that's the problem, good luck attracting developers to make the apps that will make people want to use the platform. HP should have PAID microsoft to write the Office suite for WebOS and gave it away free with the tablets and marketed to the Business crowd. They would have had a chance.

        • Re:Of course (Score:5, Interesting)

          by d3ac0n ( 715594 ) on Thursday February 16, 2012 @10:00AM (#39058905)

          Well. Glad to know your position isn't coming from one of total ignorance. /Sarc

          By the way, publishing to the WebOS App catalog has always been FREE. Just submit it to HP for inclusion and as long as it isn't total crap or spyware/virus filled, they will put it in. Failing that, WebOS still has a robust user community and you can easily have an app published through the community catalog as well.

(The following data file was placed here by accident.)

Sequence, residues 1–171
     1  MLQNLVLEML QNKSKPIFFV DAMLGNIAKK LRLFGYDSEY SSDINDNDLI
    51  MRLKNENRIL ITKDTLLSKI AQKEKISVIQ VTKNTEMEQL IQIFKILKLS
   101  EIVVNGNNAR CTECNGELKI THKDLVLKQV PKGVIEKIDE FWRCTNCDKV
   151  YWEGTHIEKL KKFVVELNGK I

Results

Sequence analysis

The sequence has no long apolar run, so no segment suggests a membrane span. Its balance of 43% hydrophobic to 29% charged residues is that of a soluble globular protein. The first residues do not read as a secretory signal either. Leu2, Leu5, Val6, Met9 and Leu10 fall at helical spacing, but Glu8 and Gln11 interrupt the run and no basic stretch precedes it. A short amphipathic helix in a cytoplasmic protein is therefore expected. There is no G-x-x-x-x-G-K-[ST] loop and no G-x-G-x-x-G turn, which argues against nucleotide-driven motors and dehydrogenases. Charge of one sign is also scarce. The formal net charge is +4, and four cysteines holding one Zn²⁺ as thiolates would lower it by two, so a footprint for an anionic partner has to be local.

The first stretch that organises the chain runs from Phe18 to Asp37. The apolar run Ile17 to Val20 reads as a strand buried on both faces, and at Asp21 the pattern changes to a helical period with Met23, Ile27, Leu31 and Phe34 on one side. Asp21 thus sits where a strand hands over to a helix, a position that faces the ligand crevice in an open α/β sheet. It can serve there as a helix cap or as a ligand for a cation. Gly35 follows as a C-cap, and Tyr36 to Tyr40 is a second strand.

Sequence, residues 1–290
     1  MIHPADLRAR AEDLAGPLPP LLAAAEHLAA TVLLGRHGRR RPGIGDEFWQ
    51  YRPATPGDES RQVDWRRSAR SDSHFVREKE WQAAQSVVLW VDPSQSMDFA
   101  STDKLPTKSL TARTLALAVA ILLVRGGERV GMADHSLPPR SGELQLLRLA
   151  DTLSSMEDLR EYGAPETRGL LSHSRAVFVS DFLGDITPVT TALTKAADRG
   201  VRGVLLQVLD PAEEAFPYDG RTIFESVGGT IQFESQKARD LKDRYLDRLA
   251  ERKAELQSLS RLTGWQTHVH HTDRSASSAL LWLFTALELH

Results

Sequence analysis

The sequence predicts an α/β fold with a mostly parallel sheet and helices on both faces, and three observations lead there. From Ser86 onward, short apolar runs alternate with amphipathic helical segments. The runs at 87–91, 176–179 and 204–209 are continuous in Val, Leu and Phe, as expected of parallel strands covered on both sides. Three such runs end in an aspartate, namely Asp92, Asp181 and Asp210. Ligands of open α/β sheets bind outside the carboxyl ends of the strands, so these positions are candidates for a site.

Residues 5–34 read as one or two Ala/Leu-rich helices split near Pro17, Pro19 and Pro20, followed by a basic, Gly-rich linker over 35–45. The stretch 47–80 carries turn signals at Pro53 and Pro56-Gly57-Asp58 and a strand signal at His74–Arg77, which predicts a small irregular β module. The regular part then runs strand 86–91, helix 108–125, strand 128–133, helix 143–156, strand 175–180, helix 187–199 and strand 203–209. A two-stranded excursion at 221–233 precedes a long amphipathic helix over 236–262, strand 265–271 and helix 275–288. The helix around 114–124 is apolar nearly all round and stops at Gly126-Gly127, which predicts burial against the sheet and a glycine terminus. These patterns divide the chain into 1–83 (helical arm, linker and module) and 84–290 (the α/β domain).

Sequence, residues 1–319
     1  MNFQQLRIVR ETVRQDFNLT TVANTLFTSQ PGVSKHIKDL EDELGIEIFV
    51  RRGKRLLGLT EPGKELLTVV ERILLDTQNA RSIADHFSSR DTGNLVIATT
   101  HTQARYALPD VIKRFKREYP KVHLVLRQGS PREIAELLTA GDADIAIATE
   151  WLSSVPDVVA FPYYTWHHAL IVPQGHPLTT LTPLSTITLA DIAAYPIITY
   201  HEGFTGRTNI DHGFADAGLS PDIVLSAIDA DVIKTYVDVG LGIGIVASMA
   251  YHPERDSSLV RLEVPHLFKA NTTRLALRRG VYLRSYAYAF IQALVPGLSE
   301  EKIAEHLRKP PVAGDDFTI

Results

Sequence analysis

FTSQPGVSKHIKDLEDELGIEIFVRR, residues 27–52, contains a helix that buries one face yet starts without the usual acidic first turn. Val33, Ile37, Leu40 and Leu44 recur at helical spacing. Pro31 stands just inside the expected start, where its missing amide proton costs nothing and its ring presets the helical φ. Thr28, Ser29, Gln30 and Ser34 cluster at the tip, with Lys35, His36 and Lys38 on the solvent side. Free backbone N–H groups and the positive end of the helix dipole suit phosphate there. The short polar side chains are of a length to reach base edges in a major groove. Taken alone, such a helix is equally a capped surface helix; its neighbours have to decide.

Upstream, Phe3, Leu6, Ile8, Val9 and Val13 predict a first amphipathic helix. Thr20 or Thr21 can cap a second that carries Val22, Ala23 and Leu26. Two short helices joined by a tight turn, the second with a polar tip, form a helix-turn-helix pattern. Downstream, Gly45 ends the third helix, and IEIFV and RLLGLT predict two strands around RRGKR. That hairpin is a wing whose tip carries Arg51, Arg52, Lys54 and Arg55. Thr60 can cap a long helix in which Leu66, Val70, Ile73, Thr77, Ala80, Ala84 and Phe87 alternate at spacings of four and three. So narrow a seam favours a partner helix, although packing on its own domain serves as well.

As far as FREE tablet goes, have you gotten one from Apple or Google (or any android maker) yet? No? Then you are just blowing smoke out your ass and being petulant when it isn't needed.

          The thing is that developing for WebOS is so stupidly simple it's almost laughable. Just take your EXISTING Anrdoid or iOS application, run it through HP's FREE app converter to convert it, do a little bug-testing and squashing and you're pretty much ready to go.

          Hell, if the small (at the time) Rovio team could convert all of Angry Birds to WebOS from iOS in EIGHT HOURS, I think you can manage it too. Unless you are saying that you aren't smart enough or just too lazy, which, given your generally snotty attitude, might just be the case.